ELIZABETHTOWN — A handful of county department heads delivered their annual reports to the Essex County Board of Supervisors Wednesday, Feb. 12, bringing rays of cautious optimism to a cash-strapped county.
County treasurer Michael Diskin told the finance committee that occupancy tax generated $1.9 million in revenue for the county in 2013, up $120,000 from 2012 (6.7 percent) making it the largest amount of revenue generated since the tax was implemented in 2000.
Westport town supervisor Daniel Connell told the board he hoped a “small slice” of that revenue would be made available to promote smaller towns like Westport, namely for funding their struggling visitor center and promoting specific events.
“We have four or five bed and breakfasts,” he said. “We contribute.”
Connell said an additional $3,000 or $4,000 to help promote his community would produce a significant return.
He asked Diskin about receiving some additional funds from the Regional Office of Sustainable Tourism (ROOST), the agency to which 95 percent of the occupancy tax revenue is handed over to promote the county.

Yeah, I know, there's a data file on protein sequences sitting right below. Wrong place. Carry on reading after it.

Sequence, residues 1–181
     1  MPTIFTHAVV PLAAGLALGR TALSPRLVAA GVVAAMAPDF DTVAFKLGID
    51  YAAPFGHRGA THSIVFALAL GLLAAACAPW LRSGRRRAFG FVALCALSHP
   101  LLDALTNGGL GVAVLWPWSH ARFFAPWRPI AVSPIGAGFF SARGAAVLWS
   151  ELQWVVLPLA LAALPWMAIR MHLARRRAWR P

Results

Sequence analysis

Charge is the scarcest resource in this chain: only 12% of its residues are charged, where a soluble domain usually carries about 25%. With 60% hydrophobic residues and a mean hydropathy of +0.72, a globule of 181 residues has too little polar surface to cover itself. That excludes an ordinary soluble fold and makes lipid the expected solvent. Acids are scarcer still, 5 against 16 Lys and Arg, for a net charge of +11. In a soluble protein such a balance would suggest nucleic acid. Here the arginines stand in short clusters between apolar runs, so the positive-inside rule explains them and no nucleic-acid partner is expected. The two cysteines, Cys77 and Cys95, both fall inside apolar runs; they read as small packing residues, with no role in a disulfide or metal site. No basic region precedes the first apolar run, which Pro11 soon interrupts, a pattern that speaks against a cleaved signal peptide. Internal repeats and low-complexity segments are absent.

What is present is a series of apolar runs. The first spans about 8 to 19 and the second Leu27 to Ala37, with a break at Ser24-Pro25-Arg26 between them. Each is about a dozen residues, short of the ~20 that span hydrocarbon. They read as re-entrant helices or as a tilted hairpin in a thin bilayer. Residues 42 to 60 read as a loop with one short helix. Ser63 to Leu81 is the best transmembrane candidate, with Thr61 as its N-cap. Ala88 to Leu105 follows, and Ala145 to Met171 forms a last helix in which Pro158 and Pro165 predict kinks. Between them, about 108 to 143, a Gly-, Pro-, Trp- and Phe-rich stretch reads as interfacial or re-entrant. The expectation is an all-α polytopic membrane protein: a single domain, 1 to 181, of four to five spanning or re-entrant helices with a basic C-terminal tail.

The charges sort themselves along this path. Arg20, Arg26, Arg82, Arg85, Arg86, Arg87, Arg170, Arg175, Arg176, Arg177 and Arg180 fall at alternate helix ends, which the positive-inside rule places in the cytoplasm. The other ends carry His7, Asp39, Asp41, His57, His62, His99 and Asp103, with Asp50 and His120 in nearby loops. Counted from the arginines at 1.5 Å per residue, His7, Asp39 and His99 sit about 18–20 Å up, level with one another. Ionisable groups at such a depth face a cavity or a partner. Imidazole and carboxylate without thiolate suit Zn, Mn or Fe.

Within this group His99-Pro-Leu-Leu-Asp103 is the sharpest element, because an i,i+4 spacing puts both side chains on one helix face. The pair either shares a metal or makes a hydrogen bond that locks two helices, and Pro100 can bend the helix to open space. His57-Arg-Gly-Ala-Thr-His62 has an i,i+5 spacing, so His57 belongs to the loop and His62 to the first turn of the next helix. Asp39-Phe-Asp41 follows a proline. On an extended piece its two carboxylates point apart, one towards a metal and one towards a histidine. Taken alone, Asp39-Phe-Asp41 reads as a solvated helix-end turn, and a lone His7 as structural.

“I wish we could take a look at this,” Connell concluded. “A little bit of money would increase tourism and keep our visitor centers open. It’s a small impact [on ROOST] but a huge impact on individual towns. What I’m asking for is a way the towns might receive a set amount, something that we can budget in our tourism-related activities.”
“You’d have to address that with them,” said Diskin.
Connell, who said that he was very appreciative of everything that ROOST has done for the region, later told the Valley News that while Westport has discussed the idea of reaching out to the agency at board meetings, they haven’t yet contacted them directly.
“If the occupancy tax doesn’t grow, we’re not doing our job,” said ROOST chief James McKenna, who attributed the increase from last year, in part, to the recently-opened Hampton Inn and Suites in Lake Placid, a facility that upped the county’s total number of hotel rooms by five percent.